By KATELYN CORDERO
Stepping out of a van full of graphic design Pratt Institute students, Melanie Collins, Founder of Blacc Vanilla Community Foundation is brought to tears looking at the United Methodist Church on Liberty Street. Her dream of opening a community center for the Blacc Vanilla Community Foundation is finally coming true.
The Church was one of many destinations Collins took the students on while doing research of the City of Newburgh for the Design Corps class.
She smiles brightly explaining to all the students her plans for the space, to create a training program for adults from 18 - 25, preparing them for the workforce.
“United Methodist Church was down to 10 congregation members and struggling to keep the doors open,” said Collins. “We looked at how we can incorporate what was left of the congregation’s mission to the community and the work we want to do, with the work Rupco is doing.”
The foundation will partner with RUPCO, a housing and community developer, as part of their Phase II of affordable housing in Newburgh. RUPCO partners with the Landbank and Safe Harbors to rehabilitate abandoned properties and put Newburgh residents in those homes to eventually take ownership of the homes.
“We started on a second phase and met Melanie through a committee for the river cities,” said Kevin O’Connor, CEO of RUPCO. “We found they were a marvelous connector group and were plugged into a couple of things going on. We were looking to do another round of housing in the four blocks between Broadway and South Street and wanted to do a community wealth project.”
The sanctuary of the church is a sight for sore eyes, with vaulted ceilings, and massive stain glass windows. This space will be used for community events and weddings, art shows or flea markets. The gym will be converted into a space for smaller local community based events like art showings, or for rent.
The office space attached to the church will be used for BVCF and its partners’ programs, as well as to lease some space to generate revenue. In the side building of the church is a kitchen that will be used for culinary training, and eventually as a means of catering for events held in the space.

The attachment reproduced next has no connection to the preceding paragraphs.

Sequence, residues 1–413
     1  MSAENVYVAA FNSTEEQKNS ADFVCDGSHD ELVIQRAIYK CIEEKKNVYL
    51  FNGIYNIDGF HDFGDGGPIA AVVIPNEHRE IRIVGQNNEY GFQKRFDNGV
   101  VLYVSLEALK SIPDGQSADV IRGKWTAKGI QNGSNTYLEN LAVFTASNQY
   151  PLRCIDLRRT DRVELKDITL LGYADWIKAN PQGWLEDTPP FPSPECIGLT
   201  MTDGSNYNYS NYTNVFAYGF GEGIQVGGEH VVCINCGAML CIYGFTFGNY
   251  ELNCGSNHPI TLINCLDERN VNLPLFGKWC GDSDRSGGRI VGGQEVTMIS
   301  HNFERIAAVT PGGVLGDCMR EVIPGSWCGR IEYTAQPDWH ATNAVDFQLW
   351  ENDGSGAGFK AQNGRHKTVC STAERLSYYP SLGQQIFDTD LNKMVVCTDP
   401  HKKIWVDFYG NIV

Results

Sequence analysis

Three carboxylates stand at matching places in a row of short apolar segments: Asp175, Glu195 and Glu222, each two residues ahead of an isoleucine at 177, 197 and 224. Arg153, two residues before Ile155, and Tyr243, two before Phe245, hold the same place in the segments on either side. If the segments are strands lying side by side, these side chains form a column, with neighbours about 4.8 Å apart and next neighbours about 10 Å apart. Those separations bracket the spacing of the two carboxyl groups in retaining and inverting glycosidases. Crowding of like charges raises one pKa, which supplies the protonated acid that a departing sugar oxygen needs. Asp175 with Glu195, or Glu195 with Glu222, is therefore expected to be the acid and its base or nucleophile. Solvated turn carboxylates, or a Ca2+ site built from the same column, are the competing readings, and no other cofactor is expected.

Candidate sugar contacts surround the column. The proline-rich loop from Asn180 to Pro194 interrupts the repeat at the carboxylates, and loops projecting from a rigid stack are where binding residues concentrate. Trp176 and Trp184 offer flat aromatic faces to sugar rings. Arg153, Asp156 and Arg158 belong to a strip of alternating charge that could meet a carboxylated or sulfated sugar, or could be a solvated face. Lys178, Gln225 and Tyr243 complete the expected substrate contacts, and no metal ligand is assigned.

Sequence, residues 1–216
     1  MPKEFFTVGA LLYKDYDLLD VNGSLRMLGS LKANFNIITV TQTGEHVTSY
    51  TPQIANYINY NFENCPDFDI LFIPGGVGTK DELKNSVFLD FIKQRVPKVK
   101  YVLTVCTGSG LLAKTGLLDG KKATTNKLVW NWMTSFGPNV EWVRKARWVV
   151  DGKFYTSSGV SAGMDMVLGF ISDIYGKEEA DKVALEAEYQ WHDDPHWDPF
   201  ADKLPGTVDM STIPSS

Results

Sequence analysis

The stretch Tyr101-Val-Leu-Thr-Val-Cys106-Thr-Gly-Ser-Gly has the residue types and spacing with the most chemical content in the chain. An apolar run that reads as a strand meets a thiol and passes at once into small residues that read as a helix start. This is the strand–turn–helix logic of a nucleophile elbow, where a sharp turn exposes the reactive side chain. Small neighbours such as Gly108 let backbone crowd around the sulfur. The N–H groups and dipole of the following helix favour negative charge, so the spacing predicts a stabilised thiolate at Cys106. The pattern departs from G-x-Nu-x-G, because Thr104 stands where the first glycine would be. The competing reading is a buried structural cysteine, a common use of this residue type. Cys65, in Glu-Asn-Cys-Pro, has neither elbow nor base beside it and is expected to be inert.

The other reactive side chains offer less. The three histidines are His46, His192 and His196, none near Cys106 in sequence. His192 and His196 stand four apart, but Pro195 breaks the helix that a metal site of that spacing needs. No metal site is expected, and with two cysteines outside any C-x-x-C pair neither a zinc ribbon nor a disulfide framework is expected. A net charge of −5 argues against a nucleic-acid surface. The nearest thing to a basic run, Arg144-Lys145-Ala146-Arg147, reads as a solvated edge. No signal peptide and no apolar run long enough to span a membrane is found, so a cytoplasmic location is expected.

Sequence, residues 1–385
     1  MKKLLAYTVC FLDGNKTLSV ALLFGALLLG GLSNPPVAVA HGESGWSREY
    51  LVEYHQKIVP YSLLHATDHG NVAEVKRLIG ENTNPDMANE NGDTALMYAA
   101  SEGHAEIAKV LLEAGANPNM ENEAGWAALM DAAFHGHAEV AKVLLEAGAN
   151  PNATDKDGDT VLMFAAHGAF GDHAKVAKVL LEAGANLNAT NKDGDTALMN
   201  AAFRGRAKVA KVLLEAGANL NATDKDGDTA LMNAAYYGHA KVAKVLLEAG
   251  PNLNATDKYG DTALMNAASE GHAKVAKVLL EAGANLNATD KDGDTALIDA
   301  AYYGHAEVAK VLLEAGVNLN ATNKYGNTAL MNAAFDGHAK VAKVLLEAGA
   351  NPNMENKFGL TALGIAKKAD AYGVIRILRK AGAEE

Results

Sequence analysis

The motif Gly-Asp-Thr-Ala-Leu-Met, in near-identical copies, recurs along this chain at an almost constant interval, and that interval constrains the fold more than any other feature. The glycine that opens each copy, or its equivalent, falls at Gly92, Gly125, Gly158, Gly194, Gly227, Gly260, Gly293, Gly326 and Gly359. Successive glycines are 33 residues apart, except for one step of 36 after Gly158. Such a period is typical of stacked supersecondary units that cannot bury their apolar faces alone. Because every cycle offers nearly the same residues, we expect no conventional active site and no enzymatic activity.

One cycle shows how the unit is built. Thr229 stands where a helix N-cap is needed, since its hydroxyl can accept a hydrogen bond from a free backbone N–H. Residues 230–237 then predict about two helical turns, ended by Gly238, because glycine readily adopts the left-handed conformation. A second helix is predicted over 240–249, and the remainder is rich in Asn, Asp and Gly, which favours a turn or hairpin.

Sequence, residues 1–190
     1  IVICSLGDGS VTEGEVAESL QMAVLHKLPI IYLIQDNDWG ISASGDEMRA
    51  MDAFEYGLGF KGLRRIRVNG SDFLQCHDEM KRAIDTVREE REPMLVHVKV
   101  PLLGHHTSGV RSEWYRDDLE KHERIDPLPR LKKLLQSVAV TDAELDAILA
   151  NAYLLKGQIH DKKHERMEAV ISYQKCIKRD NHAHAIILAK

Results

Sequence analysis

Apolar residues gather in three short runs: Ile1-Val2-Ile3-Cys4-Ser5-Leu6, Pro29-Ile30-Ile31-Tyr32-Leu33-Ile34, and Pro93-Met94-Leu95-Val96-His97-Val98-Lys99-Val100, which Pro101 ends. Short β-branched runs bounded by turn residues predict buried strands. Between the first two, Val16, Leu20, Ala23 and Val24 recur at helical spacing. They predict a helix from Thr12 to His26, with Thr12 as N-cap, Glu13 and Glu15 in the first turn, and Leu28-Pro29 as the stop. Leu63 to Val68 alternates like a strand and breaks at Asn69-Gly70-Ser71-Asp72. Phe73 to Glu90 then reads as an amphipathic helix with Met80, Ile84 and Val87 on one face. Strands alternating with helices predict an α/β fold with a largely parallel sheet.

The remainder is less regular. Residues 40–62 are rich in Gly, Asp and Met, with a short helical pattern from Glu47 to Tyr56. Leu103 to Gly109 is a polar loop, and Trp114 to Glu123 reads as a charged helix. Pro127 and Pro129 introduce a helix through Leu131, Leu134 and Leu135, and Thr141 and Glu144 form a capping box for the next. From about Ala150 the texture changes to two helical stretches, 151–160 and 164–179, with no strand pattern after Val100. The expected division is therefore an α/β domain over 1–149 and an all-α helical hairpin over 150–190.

“The vision is that young people would be able to train in hospitality at the church and there would be opportunities with local restaurants,” said Collins. “Everything is coming from simple basic customer service skills to high end service in high end restaurants.”
Some potential partners to utilize the space will be Choice Films, with Below the Line Bootcamp. The bootcamp trains anyone from 18 to 25 in the media industry with a direct path to employment, with the company and its affiliates.
Some other partners include Shred, and Coach Ray’s “My Fourmula”. Shred is an organization that brings kids in the area to Windham Mountain to learn to snowboard. If they choose to, they may become certified trainers and find employment in the snowboarding industry. Ray’s “My Fourmula” focuses on meeting people’s physical and emotional needs.
“One of the things we talked about that makes this partnership special is that we are not asking anyone to leave a part of themselves at the door,” said Jules Ridgeway, President of the BVCF Board of Trustees. “We recognize what it takes to be apart of the program itself is they have everyday obstacles. We are talking about ourselves as individuals, meeting our needs as full human beings in addition to the reality that creating economic opportunity and provide tools for individuals to envision what that looks like in their lives is necessary. Our city needs it, we’ve been hearing that from people who are already involved in our program.”
The foundation is also looking at affordable daycare on the property, which includes a playground and a building that may be converted to a daycare.
“We recognized when we were doing Below the Line Bootcamp there were three young people that had small children, in order to go through the program they needed affordable day care,” said Collins. “The plan definitely included some sort of daycare on the property.”
The foundation will manage four square blocks on Liberty Street creating a campus for the community programs to work out of.
RUPCO has submitted the application for funding through the New York State Homes and Commuter Renewal State Agency. If they receive the award in June they hope to start construction by January 1.
BVCF will be the managing partner until they are able to dissolve the partnership and allow BVCF to purchase the church. Collins looks to have a continuation for students coming out of high school, when many services at the Newburgh Armory Unity Center end.
“We would like to target to out of high school to 25 but not singling anyone out either,” said Collins. “We love what is happening at the armory a lot of their programming ends at 14. We would like to partner with them from infant all the way through. We would like to train prepare and employ residents of Newburgh with all the training and the things they need to be successful.”